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Commentaries on this Media!

Narrative forms in The Game

by Jimmy Gorham

As a narrative driven by participation in a complicated experience, The Game represents a unique opportunity to use film as a tool to understand game narrative forms.  As argued by Gonzalo Frasca, when a viewer is added to the traditional dual relationship between player and game, narrative is formed for the new arrival.  In this way The Game offers the ability to analyze potential game narrative structures when the assumption is made that Nicholas Van Orton (Michael Douglas) is participating in an elaborate game with significant strategic options.  This particular clip of home movie memories suggests both an evocative space and an embedded narrative.


The clip of home movie memories suggests that the narrative experience told to Nicholas Van Orton in The Game is an evocative space, one of four forms of environmental storytelling outlined by Henry Jenkins.  According to Mr. Jenkins, evocative spaces rely on preexisting memories and the imagination of the participant to help augment the narrative space of a game.  For Van Orton, the memories outlined in this clip represent several psychological motivations for his participation within the game.  The memory of his birthday party revolves around his perception of family, something CRS takes advantage of when designing a game specifically for Mr. Van Orton.  Working with Nicholas' brother, CRS is able to create an evocative game space by allowing Nicholas' own memories to enhance his experience, specifically the memories surrounding his family, his father, and his father's suicide.


The second of Henry Jenkins' four forms represented in the Game is embedded narrative. By relying directly on the memories of Nicholas Van Orton, the game designers at CRS are able to craft a space specifically formatted to engage the intellectual participation of the player.  Embedded narratives rely as much on "the viewer's mental construction" of events as on the events themselves, and this clip provides the underpinning for this narrative device.  By understanding the personal memories of Nicholas Van Orton, CRS is able to construct a game designed to trigger specific intellectual processes within the mind of the player, and in the case of Nicholas Van Orton predict the players response to varied strategic choices.  In this way CRS is able to create both an evocative space and an embedded narrative for its player, which in this case is one individual.  By analyzing his participation within this carefully constructed game, we as viewers are able to appreciate two distinct forms of game narrative structure. 

Authenticity and Memory in The Game

by Talia Squires

          This is one of the home movie/flashback sequences from The Game. Although they are made to look like old home movies, they are positioned within the film like the protagonist, Nicholas Van Orton’s, flashbacks. He is shown staring into space before they happen and suddenly “waking up” out of these memories. The tension between these segments as subjective memory and objective representation of Nicholas Van Orton’s childhood immediately brings into question the trustworthiness of any filmic representation and of memory.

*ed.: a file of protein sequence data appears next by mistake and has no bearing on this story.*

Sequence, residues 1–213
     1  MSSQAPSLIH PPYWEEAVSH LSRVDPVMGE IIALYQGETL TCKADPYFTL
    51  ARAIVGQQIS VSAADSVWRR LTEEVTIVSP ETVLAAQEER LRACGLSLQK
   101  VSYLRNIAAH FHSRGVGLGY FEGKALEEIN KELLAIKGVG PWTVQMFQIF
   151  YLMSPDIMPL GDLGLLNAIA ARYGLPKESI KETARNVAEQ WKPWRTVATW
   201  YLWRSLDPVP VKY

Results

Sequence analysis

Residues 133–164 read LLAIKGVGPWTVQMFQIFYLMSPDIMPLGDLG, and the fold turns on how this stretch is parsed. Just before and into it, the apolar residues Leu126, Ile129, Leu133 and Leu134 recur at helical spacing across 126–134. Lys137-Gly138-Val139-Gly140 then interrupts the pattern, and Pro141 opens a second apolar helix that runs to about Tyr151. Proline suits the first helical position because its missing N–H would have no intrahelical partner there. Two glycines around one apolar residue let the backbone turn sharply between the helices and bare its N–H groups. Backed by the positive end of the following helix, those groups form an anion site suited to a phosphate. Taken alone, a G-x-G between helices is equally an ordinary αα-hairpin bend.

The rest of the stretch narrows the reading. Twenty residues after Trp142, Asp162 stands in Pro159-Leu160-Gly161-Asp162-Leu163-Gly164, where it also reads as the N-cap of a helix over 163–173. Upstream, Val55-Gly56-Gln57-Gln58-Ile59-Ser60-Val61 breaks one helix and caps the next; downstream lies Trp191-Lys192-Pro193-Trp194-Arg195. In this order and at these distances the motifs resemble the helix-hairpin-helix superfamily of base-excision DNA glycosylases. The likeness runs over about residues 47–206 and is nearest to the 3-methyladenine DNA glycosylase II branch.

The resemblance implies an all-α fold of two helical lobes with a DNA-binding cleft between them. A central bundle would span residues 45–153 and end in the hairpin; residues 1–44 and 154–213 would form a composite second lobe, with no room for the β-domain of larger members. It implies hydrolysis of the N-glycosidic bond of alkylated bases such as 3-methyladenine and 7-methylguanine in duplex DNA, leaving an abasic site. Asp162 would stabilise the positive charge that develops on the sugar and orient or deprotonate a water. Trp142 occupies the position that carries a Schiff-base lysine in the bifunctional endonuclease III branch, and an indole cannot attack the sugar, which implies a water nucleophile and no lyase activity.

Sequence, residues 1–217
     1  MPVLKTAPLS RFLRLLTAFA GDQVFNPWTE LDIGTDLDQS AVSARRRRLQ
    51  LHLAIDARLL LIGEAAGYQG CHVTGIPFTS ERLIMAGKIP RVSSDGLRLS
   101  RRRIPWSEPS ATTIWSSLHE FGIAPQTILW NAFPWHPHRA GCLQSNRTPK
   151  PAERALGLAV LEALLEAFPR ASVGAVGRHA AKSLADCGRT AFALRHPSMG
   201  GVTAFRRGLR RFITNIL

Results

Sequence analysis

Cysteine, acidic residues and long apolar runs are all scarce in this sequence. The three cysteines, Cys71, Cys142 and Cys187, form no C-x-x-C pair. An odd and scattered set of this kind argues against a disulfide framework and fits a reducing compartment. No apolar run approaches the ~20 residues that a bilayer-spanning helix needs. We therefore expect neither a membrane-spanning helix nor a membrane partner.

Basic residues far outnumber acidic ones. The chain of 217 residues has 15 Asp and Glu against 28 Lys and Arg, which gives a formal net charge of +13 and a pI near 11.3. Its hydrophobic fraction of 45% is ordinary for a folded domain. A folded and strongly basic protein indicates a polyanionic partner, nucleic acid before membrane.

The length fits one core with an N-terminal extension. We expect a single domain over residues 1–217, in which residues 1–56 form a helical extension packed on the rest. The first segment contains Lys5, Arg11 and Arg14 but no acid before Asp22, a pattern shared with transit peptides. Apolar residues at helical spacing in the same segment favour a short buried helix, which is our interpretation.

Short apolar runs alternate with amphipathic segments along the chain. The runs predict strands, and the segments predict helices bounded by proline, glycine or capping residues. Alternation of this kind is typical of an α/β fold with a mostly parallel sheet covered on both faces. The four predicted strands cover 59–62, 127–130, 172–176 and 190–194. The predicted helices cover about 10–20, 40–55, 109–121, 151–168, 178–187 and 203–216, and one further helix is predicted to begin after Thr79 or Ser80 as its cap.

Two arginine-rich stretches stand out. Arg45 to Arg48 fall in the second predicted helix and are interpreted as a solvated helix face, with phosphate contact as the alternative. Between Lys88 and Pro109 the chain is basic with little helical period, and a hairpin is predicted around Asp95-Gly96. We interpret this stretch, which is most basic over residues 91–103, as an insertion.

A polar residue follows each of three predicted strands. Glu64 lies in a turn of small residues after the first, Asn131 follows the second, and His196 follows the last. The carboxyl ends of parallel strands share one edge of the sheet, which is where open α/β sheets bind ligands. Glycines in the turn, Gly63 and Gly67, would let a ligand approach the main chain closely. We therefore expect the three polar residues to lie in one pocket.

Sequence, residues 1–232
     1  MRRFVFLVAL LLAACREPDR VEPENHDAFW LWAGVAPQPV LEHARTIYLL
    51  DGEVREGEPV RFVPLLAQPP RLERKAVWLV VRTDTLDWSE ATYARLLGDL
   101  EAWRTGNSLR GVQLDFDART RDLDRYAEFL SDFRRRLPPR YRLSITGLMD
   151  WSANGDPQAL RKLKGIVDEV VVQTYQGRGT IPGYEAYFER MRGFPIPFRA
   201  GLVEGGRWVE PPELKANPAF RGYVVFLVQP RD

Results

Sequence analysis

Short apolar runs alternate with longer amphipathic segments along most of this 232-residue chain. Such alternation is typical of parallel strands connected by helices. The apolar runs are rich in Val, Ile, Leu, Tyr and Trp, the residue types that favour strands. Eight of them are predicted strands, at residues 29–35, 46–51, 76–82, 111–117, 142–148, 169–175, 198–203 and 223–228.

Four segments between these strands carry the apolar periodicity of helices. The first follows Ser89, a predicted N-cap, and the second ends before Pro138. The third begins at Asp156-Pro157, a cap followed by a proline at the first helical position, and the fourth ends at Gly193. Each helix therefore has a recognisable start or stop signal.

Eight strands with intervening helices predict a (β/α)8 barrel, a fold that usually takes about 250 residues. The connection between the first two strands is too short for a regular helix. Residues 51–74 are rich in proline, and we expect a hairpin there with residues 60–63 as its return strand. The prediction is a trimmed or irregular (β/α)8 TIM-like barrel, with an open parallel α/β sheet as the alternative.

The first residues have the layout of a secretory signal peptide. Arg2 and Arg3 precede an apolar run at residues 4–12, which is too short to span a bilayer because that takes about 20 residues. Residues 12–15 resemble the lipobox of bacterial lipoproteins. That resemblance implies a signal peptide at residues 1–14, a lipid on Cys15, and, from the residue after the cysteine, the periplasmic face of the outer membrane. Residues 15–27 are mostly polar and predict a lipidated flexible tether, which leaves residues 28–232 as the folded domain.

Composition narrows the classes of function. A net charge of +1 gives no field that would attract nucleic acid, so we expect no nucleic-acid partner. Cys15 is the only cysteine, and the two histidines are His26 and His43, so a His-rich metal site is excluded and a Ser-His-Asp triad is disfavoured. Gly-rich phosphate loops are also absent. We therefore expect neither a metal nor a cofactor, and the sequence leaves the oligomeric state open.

They look like old Super 8 home movies, scratchy and jumpy, the camera surprises its subjects, people interact with the camera, and there is no clear narrative to these segments. Yet these memories are also clearly edited, repeatedly returning to the image of a young Nicholas Van Orton and his father. The use of the home movie effect carries the aesthetic of authenticity, while the editing shows that someone is organizing these images in an attempt to create some kind of narrative. The viewer recognizes that these home movies are in the same place that Nicholas Van Orton’s flashbacks belong, leading us to believe that he is the one editing these sequences.

            We want to trust photographic evidence that carries these signs of authenticity, the flickering of the film makes it seem like the images cannot have been altered, even if they have been rearranged. They are somehow more real than the more realistic images of the rest of the film. But as Bolter and Grusin point out in their discussion of digital photography, this distinction between unaltered photographic images and digitally altered ones is largely artificial. Both methods are still highly mediated experiences, just as Nicholas Van Orton’s subconscious mediates our experience of his childhood, and CRS mediates Nicholas Van Orton’s experiences.

            By juxtaposing these indicators of “authenticity” with the character’s own confusion about the authenticity of his experiences, the film is questioning not just the state of the present, but also Nicholas Van Orton’s interpretation of his own past. This becomes especially important as Nicholas Van Orton’s experience in the film’s present causes him to reevaluate his interpretations of the past. His relationship to his brother, ex-wife, her new husband, and his own father are changed by his experience in the game.  We in turn, as the viewers, are invited to question the authenticity of the image on the screen and our own experiences. By investigating the trustworthiness of memory, much like Blade Runner, it forces us to question the very nature of our own realities. 

The Game home movie memories

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The visual vernacular of super-8 home movies is once again invoked to signify "memory" in a Hollywood feature film

from The Game (1997)
Creator: David Fincher
Posted by Critical Commons Manager